AT&T seems on a mission to be a zero-employee telcoAT&T seems on a mission to be a zero-employee telco
More than 10,000 jobs have been cut over the first nine months of the year at AT&T as it apparently realizes you don't need people to run a network.
October 20, 2023
Job cuts are now such a routine affair at the increasingly slimline AT&T that nobody bothers to mention them. The US telco is like one of those compulsive dieters who went from morbidly obese to gym fit before they turned distressingly skeletal. Last decade it employed about 280,000 people, including those it hoovered up with its bonkers $85 billion takeover of Time Warner. By the end of last year, fewer than 163,000 remained. If AT&T carries on losing weight at the same annual rate of the last four years, it will dip below the 100,000 employees mark sometime in 2025.
When will it all end? Not this year, evidently. So far in 2023 it has shed 10,200 employees, it revealed in its latest update, including nearly 4,000 in the recent third quarter alone. On paper this seems like a slowdown, considering AT&T cut 39,700 jobs in 2022. But most of those people left when AT&T realized it had all the content skills of a five-year-old with a camera phone and span off its TV assets. A recalculation of staff numbers factoring in that divestment shows the pace of cuts has accelerated.
On this basis, during the first nine months of this year, AT&T cut about the same number of jobs it did over the entirety of 2022. While telecom investors were this week aflutter about Nokia's plans to cut at least 9,000 jobs over the next three years, hardly anyone seemed fazed by the 10,000 that have disappeared from AT&T's books since the start of the year.
By contrast, investors were applauding John Stankey, AT&T's grossly overpaid CEO (US$22.9 million last year in salary, bonuses and stock) for his management efforts, which include plans to reduce costs by another $2 billion over the next three years (he already claims to have cut them by $6 billion in the last three and in an "inflationary environment," too, he proudly told analysts this week). After the latest results came out, AT&T's share price closed 6.6% higher on October 19. Nokia's fell by about the same percentage following its own update on jobs.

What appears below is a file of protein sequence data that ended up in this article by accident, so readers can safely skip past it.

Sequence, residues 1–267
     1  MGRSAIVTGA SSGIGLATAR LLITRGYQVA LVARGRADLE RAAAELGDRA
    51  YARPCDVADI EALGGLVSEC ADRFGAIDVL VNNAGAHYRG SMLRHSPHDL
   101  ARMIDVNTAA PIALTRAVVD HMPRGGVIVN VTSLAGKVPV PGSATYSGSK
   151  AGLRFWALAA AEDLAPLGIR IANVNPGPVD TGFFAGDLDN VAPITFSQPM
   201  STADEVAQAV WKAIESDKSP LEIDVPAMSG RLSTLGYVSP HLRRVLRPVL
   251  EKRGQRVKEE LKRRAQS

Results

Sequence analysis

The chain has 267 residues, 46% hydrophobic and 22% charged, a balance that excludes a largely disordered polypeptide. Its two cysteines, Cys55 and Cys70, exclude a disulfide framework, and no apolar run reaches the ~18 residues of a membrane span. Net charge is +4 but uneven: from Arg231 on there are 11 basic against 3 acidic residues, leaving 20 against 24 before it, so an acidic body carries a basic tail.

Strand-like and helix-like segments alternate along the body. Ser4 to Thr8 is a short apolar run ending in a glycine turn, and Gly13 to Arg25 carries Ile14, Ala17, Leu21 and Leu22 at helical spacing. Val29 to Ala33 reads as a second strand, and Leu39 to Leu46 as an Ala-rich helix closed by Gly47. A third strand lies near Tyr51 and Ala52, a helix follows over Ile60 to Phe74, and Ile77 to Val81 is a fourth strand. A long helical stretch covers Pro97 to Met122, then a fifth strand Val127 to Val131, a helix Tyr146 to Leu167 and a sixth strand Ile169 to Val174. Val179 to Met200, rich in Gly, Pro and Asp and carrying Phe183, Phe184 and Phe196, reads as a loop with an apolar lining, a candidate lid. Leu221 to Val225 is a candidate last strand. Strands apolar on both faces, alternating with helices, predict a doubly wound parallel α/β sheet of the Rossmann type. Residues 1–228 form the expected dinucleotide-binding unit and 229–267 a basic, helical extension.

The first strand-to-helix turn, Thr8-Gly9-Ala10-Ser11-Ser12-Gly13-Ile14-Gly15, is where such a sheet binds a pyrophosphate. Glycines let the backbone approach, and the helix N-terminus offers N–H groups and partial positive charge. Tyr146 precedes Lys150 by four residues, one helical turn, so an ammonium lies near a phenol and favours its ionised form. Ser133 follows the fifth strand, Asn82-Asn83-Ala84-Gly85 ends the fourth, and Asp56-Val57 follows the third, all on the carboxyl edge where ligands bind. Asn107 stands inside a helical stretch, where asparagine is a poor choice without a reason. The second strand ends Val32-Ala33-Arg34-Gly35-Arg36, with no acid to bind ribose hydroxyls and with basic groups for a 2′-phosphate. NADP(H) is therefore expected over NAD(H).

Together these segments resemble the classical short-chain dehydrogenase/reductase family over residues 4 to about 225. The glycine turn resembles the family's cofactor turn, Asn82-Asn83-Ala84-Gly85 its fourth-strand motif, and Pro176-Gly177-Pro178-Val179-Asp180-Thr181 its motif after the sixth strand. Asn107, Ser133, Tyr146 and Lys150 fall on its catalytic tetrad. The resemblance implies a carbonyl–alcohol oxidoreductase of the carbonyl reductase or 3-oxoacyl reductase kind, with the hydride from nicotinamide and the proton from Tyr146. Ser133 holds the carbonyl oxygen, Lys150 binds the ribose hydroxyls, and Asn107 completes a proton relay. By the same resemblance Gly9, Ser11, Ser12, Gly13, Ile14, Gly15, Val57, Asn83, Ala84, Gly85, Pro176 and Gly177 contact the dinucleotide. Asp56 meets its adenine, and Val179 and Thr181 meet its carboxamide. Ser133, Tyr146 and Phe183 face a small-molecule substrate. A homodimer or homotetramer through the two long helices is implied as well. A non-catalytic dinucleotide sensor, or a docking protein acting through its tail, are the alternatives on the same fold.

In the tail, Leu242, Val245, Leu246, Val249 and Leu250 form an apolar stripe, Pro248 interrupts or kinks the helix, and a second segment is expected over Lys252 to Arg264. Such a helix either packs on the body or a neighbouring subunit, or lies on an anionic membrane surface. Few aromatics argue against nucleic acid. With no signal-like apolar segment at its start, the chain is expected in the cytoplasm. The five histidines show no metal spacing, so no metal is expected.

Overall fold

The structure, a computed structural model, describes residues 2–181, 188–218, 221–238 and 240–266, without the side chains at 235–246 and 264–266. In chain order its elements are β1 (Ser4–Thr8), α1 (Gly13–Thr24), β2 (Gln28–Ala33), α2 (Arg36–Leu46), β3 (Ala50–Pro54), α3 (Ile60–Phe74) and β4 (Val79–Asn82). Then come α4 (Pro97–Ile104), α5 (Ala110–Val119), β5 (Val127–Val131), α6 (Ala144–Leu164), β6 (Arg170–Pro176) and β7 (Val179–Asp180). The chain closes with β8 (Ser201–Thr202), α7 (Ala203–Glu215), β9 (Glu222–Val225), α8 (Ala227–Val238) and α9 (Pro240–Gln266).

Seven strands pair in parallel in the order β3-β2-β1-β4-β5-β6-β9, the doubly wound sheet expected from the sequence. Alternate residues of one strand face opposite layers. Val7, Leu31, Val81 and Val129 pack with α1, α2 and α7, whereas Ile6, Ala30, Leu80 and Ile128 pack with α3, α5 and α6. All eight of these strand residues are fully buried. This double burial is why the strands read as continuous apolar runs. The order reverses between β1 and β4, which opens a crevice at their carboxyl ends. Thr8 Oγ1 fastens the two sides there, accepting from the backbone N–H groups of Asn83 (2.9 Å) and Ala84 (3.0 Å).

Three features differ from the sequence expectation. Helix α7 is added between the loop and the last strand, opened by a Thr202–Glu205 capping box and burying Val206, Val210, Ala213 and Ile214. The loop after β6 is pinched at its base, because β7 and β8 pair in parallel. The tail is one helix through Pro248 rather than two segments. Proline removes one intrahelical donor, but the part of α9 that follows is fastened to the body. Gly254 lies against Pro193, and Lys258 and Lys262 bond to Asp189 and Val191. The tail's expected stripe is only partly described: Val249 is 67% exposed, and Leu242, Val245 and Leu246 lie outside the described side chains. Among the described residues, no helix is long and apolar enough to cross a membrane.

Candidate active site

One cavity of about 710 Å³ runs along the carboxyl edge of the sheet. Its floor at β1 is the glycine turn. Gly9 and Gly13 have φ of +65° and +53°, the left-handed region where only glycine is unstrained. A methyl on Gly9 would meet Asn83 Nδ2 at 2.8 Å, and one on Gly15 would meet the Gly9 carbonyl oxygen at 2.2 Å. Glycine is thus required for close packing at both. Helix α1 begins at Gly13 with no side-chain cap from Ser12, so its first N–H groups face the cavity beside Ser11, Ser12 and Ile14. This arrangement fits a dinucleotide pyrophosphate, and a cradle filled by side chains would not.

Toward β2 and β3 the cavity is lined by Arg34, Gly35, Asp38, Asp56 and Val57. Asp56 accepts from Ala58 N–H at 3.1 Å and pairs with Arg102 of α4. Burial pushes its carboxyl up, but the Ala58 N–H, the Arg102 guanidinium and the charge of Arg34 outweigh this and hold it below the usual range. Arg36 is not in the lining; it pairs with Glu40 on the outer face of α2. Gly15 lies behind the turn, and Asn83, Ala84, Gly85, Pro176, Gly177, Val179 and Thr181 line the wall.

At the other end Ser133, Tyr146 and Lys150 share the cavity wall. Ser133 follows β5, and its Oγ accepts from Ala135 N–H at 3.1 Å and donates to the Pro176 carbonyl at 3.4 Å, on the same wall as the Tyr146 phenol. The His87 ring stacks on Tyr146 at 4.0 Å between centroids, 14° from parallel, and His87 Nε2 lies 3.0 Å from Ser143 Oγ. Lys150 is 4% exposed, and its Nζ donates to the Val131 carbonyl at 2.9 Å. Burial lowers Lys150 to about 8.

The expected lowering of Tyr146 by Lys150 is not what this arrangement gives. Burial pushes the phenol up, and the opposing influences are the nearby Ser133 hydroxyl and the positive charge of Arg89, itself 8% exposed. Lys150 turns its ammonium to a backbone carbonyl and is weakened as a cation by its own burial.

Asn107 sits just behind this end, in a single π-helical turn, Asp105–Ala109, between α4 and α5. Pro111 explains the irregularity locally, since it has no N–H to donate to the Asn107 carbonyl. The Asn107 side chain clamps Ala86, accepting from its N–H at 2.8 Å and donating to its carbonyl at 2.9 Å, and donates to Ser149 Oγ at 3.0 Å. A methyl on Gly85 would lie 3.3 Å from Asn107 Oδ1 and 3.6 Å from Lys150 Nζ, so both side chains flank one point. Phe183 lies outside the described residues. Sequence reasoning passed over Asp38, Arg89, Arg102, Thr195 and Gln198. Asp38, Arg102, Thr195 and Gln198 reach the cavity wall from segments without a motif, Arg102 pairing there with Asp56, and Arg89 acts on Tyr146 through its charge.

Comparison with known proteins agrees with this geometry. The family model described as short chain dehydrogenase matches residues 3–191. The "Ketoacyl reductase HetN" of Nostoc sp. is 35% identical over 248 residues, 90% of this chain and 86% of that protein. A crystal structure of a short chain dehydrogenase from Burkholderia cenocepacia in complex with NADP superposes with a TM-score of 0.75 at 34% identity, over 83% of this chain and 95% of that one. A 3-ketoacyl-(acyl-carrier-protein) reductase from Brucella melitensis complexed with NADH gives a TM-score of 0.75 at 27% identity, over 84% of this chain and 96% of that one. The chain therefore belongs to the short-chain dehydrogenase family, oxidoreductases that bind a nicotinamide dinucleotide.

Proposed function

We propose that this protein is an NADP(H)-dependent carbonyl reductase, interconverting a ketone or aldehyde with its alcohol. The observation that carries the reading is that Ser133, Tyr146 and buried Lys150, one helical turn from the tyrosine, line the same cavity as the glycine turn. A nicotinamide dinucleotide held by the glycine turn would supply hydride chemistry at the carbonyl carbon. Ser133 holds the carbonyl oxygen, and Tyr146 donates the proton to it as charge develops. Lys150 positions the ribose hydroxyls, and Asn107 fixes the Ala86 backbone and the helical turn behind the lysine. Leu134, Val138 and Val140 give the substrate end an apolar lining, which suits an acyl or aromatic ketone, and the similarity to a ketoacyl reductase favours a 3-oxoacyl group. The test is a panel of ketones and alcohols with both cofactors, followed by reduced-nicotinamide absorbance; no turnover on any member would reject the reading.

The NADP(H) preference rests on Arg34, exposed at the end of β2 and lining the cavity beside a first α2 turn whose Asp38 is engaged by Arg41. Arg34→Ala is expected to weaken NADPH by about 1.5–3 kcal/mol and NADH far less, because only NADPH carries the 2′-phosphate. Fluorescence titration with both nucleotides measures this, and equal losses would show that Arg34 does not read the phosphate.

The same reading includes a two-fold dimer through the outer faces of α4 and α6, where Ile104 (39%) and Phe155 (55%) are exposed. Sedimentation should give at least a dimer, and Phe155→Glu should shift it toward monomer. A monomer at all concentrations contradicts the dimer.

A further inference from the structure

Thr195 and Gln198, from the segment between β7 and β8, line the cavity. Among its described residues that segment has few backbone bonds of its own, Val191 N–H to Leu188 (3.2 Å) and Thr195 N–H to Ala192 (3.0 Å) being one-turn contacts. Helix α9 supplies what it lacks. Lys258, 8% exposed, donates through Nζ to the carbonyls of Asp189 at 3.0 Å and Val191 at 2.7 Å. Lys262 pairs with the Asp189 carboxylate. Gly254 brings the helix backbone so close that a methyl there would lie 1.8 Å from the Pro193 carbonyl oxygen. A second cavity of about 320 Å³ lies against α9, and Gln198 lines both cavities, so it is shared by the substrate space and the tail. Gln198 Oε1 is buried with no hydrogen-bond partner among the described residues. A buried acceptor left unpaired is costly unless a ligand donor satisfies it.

Worryingly, for industry employees, AT&T's rapid weight loss does not seem to have upset its ability to sell phone contracts. Or fix problems. Or build and maintain networks. In the age of online shopping, chatbots and predictive maintenance, Stankey and his remaining lieutenants seem to have quickly figured out that telcos don't really need people to run them – or, at least, they require far fewer people than they did before. The future AT&T is conceivably a cohort of antenna-carrying robots, some AI that writes code and Stankey with his feet up on the table, providing the only whiff of humanity.
But for all the dieting, AT&T is hardly in superb fiscal shape. Its margin for adjusted earnings before interest, tax, depreciation and amortization – AT&T's convoluted but preferred measure of profitability – has steadily climbed as costs have been cut, rising from about 31% five years ago to 37% for the recent third quarter. Yet revenues have tumbled, and not just because of divestments. Competition from a heavyweight T-Mobile, beefed up by its merger with spectrum-rich Sprint, badly hurt both AT&T and Verizon while those two operators were messing about in media.
AT&T made $120.7 billion in sales last year, its lowest turnover in a decade, down from a high point of $181.2 billion in 2019 when it had just gorged on Time Warner. And even with all the headcount reduction, 2022's big divestment-related sales plunge meant revenues per employee fell to $741,197, from $833,485 the year before. That's considerably less than either of AT&T's chief rivals made, with both T-Mobile and Verizon pulling in more than $1.1 million for each worker.
AT&T's mountain of debt isn't getting much smaller, either. Ten years ago, when annual revenues were about $8 billion higher than they were in 2022, AT&T recorded about $69 billion on its balance sheet in long-term debt and a debt ratio of 45%. Today, its long-term debt is about $126.7 billion. It's a small improvement on the $128.4 billion it had at the end of last year. Yet AT&T was reporting a debt ratio of 55% back in June – up ten percentage points on the 2013 figure – at a time of high interest rates and inflation.
No wonder cost-cutting is such a priority. And if $6 billion in savings led to so many layoffs, then another $2 billion is likely to see further shrinkage over the next three years, even if the pace does eventually moderate. Stankey will also probably have noticed that his two main competitors look considerably more efficient on this measure. Expect the obsessive dieting to continue.
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